When it comes to eradicating lice, there's only one guarantee: The moment you start talking or reading about them, your scalp will itch.
"Suzanne the Hair Fairy" feels it, too. After five years as a professional nitpicker — paid manually to remove lice and nits (lice eggs) from clients' hair — the 54-year-old Charlotte resident still gets a psychosomatic itchy scalp whenever she discusses her work, she says. I start scratching as we talk, too — though weeks have passed since we chemically annihilated the pests that afflicted my daughter and several classmates at Charlotte Central School.
Suzanne, who requested we not publish her full name owing to her unrelated work with Vermont foster families, delouses her clients the old-fashioned way: She removes lice and nits by hand, one at a time. It's a painstaking process that can take as long as four hours.
If the thought of picking blood-sucking vermin off the heads of family members — let alone strangers — makes your skin crawl, you're not alone. "Some people just can't handle it," Suzanne says, explaining why her clients happily fork over $100 an hour for her to pick through their kids' hair, or their own. Once she was hired to delouse the daughter of a cardiologist, who reportedly confessed to Suzanne that she wouldn't do it herself because "I don't like gross things."
Whence does this bloodsucking pestilence arise? Pediculosis capitis, aka head lice, are tiny wingless, crawling insects that dwell on human scalps and hair and feed off our blood. You can't get lice from your pets, and they can't live away from a human scalp for more than 48 hours.
"They don't jump, and they don't fly," Suzanne says. "They crawl and they're fast. And they don't like sunlight."
Children are more prone to contract lice than adults, mostly because they play and wrestle in close contact and often share hats, scarves, clothes, hair clips and brushes. Dr. Lewis First, head of pediatrics at the University of Vermont Children's Hospital, notes a relatively new mode of transmission: selfies. Everyone puts their heads together for a photo, and the bugs hitch a ride on a new host.
Adult lice are just 2 to 3 millimeters long — about the size of a sesame seed — and live for six to 27 days, according to a fact sheet from the Vermont Department of Health. During that time, the females lay about 10 oval-shaped eggs per day, which they attach to a hair shaft near the scalp using a strong, glue-like substance. When you're checking someone's head for lice and a small white speck detaches easily, it's probably dandruff or a skin flake. If it takes a fingernail to scrape off, it's likely a nit.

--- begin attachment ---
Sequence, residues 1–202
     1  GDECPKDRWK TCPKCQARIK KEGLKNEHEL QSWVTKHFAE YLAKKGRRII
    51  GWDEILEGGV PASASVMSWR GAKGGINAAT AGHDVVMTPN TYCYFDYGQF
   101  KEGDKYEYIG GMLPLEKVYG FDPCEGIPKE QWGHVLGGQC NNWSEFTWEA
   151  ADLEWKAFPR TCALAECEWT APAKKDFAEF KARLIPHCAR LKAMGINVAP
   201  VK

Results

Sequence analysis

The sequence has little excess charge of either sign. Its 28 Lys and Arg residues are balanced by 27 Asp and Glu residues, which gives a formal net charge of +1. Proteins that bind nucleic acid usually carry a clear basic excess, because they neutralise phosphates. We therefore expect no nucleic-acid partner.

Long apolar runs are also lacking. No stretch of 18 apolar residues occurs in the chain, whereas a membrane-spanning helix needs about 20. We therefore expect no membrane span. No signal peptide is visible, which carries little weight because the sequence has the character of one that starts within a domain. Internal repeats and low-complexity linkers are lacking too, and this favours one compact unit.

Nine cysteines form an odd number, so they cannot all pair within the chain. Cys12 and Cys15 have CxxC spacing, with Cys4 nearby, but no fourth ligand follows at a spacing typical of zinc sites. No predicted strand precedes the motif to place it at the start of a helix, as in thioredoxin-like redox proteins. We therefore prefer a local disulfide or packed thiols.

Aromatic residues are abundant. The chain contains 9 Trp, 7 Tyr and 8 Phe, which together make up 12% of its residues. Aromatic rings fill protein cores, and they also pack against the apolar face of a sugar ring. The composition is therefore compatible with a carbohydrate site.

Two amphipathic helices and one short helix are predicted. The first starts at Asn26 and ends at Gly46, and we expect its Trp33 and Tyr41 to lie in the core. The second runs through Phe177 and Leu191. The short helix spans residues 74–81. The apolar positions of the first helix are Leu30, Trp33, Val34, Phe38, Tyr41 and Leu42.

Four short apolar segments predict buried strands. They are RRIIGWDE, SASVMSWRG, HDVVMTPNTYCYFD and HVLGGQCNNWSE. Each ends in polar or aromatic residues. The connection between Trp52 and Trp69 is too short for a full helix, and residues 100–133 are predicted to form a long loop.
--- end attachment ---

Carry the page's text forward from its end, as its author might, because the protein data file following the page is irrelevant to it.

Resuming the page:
The nits hatch in 10 to 14 days and typically infest the hair behind the ears, the nape of the neck, even eyebrows and eyelashes. Body lice and pubic lice — i.e., crabs — are different parasites entirely. Don't call the Hair Fairy for those, as she won't pick lice below the neck.
The good news: Unlike ticks, mosquitoes and Vermont's other indigenous bloodsuckers, lice don't carry disease, making them less a public health threat than a nuisance. That said, the severe itching, which is caused by the lice's saliva as they feed on your blood twice a day, can produce secondary infections. And they can be a major hassle to eliminate.
Suzanne, a schoolteacher by training — she occasionally substitutes at Champlain Valley Union High School in Hinesburg — was introduced to nit nabbing in 1993, while working at the King Street Center in Burlington. Part of her job was to check kids' heads for lice daily as they arrived. As she explains, "I got really, really good at it."
In 2011, Suzanne spoke with a cousin in Chicago whose child had just gotten lice; a local "lice lady," she learned, was coming to remove them. The cousin suggested Suzanne set up shop in Vermont, which at the time had no professional nitpickers. She soon discovered that most major cities have salons that charge as much as $250 just to walk in the door for delousing services.
So Suzanne gave it a try, marketing herself as the "Vermont Hair Fairy." Her husband, a computer professional, created her website, but it proved superfluous. News of the Vermont Hair Fairy spread as quickly as lice themselves do, and Suzanne was soon getting calls from around the state.
Contrary to one popular misconception, she says, lice aren't more prevalent among poor people or those who don't bathe frequently. In fact, lice prefer clean hair to dirty and oily hair; if Suzanne knows several days in advance that she's going to a client, she won't shampoo beforehand.